Hospital groups sue HHS to block price transparency rule

Four organizations representing hospitals and health systems across the nation sued HHS Dec. 4, challenging a final rule that requires hospitals to disclose the rates they negotiate with insurers beginning in 2021.

The American Hospital Association, the Association of American Medical Colleges, the Children's Hospital Association, and the Federation of American Hospitals filed the lawsuit in the U.S. District Court for the District of Columbia. The groups argue that HHS lacks statutory authority to require public disclosure of individually negotiated rates between commercial insurers and hospitals. The lawsuit further alleges that the rule violates the First Amendment because it requires "highly confidential" negotiated rates to be disclosed.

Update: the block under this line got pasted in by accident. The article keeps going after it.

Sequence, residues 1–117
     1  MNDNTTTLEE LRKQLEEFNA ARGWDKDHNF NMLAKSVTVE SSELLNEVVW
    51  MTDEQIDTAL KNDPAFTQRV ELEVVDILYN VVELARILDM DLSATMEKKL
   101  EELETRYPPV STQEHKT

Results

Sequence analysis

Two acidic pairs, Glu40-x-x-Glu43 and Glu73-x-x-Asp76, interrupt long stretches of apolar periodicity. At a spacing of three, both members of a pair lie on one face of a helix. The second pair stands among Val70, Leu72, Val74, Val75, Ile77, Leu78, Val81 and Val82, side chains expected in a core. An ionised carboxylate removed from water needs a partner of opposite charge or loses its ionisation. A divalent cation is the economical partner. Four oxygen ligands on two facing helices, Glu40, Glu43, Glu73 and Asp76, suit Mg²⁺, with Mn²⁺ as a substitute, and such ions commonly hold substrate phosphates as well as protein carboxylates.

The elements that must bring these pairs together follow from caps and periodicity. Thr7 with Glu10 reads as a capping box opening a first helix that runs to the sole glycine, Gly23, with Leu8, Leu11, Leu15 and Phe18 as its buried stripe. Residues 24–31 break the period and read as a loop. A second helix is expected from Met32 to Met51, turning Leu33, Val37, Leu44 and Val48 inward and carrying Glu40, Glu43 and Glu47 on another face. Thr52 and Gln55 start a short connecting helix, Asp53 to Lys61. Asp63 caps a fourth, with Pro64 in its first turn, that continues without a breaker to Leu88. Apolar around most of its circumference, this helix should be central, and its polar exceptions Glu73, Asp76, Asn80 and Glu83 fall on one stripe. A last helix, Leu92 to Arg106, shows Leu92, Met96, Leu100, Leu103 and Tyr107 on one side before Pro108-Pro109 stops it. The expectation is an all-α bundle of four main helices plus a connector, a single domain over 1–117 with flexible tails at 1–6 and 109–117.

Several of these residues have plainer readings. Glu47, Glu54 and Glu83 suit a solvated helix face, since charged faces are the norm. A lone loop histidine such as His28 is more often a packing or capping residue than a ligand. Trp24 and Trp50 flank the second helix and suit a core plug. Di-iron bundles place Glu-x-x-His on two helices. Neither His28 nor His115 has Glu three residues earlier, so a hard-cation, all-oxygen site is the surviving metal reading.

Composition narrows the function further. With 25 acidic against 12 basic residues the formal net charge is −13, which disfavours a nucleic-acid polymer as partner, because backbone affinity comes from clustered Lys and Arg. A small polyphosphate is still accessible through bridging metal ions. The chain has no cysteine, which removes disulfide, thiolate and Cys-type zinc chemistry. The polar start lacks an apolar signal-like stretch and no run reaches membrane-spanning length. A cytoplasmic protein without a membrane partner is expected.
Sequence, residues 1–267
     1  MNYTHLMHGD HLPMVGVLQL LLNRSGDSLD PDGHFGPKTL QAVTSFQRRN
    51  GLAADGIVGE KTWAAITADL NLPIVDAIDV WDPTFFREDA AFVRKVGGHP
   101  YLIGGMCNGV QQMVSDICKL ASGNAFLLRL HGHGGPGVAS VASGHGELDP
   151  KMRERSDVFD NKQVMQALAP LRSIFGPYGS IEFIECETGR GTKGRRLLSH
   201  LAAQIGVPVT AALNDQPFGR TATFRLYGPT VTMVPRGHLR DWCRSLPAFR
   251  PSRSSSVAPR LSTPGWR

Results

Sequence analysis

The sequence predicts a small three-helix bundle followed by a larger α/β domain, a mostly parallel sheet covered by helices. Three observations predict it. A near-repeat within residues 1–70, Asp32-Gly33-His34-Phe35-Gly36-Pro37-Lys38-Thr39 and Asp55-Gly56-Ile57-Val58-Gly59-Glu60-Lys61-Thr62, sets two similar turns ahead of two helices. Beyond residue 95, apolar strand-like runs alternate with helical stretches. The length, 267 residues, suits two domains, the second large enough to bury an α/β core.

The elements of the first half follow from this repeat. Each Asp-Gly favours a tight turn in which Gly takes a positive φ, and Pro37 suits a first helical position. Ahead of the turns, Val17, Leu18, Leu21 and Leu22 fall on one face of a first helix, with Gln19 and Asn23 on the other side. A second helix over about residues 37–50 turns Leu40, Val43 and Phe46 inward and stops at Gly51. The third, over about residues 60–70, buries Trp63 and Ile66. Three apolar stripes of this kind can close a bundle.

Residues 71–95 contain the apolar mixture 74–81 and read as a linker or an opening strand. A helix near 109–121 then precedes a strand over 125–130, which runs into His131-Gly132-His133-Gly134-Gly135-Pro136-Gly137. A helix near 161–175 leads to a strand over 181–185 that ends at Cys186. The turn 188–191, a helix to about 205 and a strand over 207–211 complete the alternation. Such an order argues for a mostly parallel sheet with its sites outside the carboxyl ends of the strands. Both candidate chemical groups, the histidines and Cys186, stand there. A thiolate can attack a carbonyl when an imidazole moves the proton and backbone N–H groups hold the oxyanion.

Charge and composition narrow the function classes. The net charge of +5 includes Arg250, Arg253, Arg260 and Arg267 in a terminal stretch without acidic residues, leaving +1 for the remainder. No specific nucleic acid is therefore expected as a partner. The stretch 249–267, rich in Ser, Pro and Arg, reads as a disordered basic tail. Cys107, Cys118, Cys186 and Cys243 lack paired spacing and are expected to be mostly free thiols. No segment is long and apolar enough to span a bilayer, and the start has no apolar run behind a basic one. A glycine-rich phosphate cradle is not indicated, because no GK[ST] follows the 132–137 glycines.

"America's hospitals and health systems stand with patients and are dedicated to ensuring they have the information needed to make informed health care decisions, including what their expected out-of-pocket costs will be," Rick Pollack, president and CEO of the AHA, said in a press release. "Instead of giving patients relevant information about costs, this rule will lead to widespread confusion and even more consolidation in the commercial health insurance industry. We stand ready to work with CMS and other stakeholders to advance real solutions for patients."

Under the final rule, issued Nov. 15, hospitals will be required to disclose the standard charges, including payer-specific negotiated rates, for all items and services. Hospitals that fail to publish the negotiated rates online could be fined up to $300 a day.

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